The current treatment of
patients diagnosed with advanced or metastatic head and neck cancer (HNC) is
ineffective. Ben-Gurion University of the Negev researchers, along with their
international colleagues, have investigated and validated a potential treatment
combination against the aggressive disease driven by hyper-activation of a
specific signaling pathway, which is found in over 40% of HNC patients.
Their findings were just published in the prestigious Journal
for ImmunoTherapy of Cancer.
Specifically, the authors showed in pre-clinical HNC models that treating
tumor-bearing mice with a therapy that blocks this signaling pathway,
sensitizes tumors to the immunotherapy of anti-PD1, resulting in the
disappearance of tumors after the therapy combination. This effective treatment
was validated in four HNC cancer models, and most mice were cured with no
recurrent disease. Together with Dr. Pierre Saintigny, du centre de lutte contre le cancer Léon Bérard de Lyonת the authors also
validated some of the findings in HNC patients.
The research was led by PhD student Manu Prasad in the laboratory of Prof. Moshe Elkabets (pictured above) in the Faculty of Health Sciences at Ben-Gurion University of
"Our unique ability to generate pre-clinical HNC models and to investigate
new treatment and treatment combinations provides hope for HNC patients. We
sincerely hope that oncologists will test this treatment combination in HNC
patients, as improving immunotherapy efficacy is crucial for prolonging the
survival of cancer patients," says Prof. Elkabets.
The authors also showed for the first time in mice bearing HNC that the
treatment should be given sequentially. They found that a short treatment with
trametinib is sufficient to sensitize anti-PD-1 resistant tumors. This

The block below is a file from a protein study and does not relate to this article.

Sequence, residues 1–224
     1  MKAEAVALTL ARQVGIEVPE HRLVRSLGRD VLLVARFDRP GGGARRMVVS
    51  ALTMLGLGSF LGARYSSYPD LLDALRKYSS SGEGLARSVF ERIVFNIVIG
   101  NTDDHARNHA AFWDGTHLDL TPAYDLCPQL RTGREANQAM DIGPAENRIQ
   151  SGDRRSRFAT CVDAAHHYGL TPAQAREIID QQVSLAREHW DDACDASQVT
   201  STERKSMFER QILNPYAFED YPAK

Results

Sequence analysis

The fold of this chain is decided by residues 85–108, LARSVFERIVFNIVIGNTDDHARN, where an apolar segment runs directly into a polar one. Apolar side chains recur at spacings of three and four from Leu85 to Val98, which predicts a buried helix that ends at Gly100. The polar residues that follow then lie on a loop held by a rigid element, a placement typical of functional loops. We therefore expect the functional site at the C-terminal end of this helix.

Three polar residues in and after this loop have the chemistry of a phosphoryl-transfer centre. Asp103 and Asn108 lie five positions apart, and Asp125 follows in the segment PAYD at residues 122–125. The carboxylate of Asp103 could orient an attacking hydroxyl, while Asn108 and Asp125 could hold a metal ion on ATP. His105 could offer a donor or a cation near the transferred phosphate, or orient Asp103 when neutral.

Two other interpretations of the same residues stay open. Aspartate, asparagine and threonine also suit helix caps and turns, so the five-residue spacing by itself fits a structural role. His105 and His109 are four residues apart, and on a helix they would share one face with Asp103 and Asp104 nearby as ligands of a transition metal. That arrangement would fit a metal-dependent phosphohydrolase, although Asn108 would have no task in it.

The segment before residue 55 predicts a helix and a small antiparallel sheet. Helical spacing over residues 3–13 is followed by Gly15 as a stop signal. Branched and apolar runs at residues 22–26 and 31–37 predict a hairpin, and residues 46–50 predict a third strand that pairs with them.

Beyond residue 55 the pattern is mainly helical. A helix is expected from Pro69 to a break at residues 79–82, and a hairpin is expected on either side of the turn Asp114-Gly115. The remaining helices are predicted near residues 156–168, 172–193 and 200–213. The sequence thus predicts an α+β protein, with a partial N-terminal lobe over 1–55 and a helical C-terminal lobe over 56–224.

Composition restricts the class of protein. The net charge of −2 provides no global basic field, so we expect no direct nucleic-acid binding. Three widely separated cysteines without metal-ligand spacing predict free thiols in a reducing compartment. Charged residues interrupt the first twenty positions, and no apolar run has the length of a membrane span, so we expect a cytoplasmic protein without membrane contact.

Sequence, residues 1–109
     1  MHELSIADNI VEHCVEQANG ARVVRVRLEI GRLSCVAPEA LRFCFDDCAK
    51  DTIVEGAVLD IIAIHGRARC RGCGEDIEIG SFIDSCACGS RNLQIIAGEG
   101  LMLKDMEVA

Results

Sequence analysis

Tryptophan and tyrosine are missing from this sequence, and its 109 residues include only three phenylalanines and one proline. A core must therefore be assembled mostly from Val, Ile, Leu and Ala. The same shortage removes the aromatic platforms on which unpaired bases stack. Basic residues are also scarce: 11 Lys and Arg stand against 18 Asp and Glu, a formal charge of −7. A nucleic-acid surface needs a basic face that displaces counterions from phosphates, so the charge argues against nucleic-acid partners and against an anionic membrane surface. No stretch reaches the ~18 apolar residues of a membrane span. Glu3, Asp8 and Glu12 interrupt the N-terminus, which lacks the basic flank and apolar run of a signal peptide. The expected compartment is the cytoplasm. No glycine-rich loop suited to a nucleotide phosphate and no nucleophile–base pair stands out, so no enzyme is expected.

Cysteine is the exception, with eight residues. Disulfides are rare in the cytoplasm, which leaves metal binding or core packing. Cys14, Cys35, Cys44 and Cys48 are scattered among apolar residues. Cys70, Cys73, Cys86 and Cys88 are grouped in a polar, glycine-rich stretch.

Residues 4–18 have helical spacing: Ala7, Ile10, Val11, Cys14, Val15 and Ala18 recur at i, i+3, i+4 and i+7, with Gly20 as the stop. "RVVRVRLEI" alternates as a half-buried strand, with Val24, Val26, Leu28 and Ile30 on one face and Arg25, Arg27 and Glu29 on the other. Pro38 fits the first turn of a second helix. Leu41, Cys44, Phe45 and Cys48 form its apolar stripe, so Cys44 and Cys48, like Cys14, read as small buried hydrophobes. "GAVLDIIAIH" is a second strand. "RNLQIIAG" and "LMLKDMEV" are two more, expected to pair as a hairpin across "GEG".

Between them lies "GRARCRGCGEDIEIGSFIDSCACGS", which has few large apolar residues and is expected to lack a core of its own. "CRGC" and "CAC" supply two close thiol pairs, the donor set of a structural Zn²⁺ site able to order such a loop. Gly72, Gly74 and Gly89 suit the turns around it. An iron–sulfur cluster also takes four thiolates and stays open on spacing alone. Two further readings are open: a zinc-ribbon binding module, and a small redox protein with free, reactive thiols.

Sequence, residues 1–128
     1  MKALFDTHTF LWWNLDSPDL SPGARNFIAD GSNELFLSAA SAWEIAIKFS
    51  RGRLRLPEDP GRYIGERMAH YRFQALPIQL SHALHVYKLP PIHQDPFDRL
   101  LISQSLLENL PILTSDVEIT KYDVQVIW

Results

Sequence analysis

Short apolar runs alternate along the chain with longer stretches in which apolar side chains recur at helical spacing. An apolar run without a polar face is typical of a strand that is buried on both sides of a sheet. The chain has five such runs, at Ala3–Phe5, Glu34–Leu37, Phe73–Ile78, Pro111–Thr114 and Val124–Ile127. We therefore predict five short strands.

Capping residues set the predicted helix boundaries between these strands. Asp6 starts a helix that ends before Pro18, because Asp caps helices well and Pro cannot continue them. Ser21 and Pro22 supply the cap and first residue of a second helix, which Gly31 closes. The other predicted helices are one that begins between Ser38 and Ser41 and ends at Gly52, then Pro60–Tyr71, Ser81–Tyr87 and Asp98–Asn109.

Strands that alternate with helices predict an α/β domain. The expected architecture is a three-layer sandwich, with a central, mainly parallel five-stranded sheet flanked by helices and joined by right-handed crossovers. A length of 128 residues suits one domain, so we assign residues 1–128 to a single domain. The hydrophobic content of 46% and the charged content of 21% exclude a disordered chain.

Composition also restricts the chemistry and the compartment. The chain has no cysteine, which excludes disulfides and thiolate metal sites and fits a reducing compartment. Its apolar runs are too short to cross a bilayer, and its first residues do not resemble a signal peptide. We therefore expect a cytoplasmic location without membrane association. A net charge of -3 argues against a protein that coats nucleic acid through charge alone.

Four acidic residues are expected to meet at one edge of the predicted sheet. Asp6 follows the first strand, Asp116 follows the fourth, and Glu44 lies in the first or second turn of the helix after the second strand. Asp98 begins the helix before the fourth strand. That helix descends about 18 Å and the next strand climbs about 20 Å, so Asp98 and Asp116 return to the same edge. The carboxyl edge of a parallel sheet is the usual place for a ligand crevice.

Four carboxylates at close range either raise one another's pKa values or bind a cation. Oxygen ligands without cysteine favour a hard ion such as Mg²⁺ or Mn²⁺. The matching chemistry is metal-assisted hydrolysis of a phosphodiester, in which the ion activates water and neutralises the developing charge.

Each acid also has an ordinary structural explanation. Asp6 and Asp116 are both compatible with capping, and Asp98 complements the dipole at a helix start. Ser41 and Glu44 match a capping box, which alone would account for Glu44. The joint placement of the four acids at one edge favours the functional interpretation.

sensitization happens because trametinib treatment, on the one hand, inhibits
tumor cell proliferation and, on the other hand, down-regulates the expression
of an immunosuppressive factor that determines the propagation of
immunosuppressive cells in the tumor site. This effect enables cytotoxic white
blood cells to reach the tumor site, and together with anti-PD1, can kill the
tumor cells efficiently. However, when mice were treated with prolonged
trametinib treatment, tumors failed to respond to immunotherapy.
The study was conducted by national and international groups from Soroka
University Medical Center and Barzilai Medical Centers, Memorial Sloan
Kettering, and Heidelberg Hospital.
This research was funded by the DKFZ-MOST (#001192), Israel Science Foundation (Grant no. 700/16); Israel Science Foundation (Grant no. 302/21); ISF and NSFC Israel-China project to (#3409/20); the United States—Israel Binational Science Foundation (BSF, 2017323); the Israeli Cancer Research Foundation (ICRF, 17–1693-RCDA); the Concern Foundation (#7895). Work was carried out with the help of the AFER Endowment Fund for Medical Research. LGTM is supported by the National Institutes of Health (R01 DE027738), the Sebastian Nativo Fund, the Jayme and Peter Flowers Fund; Fellowships: the Alon Fellowship to ME, Kreitman fellowship, and Midway Negev fellowship from the Ben-Gurion University of the Negev to MP.
World Israel News